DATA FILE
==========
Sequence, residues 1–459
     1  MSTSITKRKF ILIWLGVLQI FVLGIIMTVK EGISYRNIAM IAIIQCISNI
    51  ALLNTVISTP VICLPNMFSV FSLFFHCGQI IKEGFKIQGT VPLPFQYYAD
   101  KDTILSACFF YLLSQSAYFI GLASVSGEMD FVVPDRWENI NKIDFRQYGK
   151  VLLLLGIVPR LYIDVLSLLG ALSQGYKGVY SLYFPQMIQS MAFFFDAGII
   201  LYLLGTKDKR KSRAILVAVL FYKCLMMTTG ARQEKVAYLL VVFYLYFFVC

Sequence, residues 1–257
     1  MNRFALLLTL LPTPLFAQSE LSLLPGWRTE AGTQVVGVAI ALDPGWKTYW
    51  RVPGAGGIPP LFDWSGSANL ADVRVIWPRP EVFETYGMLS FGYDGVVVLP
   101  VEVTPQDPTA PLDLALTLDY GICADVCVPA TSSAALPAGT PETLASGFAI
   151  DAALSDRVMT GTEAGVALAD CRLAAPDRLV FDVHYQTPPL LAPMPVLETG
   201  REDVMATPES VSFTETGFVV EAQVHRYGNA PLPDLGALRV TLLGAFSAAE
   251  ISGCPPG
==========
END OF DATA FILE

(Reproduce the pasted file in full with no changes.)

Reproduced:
Sequence, residues 1–459
     1  MSTSITKRKF ILIWLGVLQI FVLGIIMTVK EGISYRNIAM IAIIQCISNI
    51  ALLNTVISTP VICLPNMFSV FSLFFHCGQI IKEGFKIQGT VPLPFQYYAD
   101  KDTILSACFF YLLSQSAYFI GLASVSGEMD FVVPDRWENI NKIDFRQYGK
   151  VLLLLGIVPR LYIDVLSLLG ALSQGYKGVY SLYFPQMIQS MAFFFDAGII
   201  LYLLGTKDKR KSRAILVAVL FYKCLMMTTG ARQEKVAYLL VVFYLYFFVC

Sequence, residues 1–257
     1  MNRFALLLTL LPTPLFAQSE LSLLPGWRTE AGTQVVGVAI ALDPGWKTYW
    51  RVPGAGGIPP LFDWSGSANL ADVRVIWPRP EVFETYGMLS FGYDGVVVLP
   101  VEVTPQDPTA PLDLALTLDY GICADVCVPA TSSAALPAGT PETLASGFAI
   151  DAALSDRVMT GTEAGVALAD CRLAAPDRLV FDVHYQTPPL LAPMPVLETG
   201  REDVMATPES VSFTETGFVV EAQVHRYGNA PLPDLGALRV TLLGAFSAAE
   251  ISGCPPG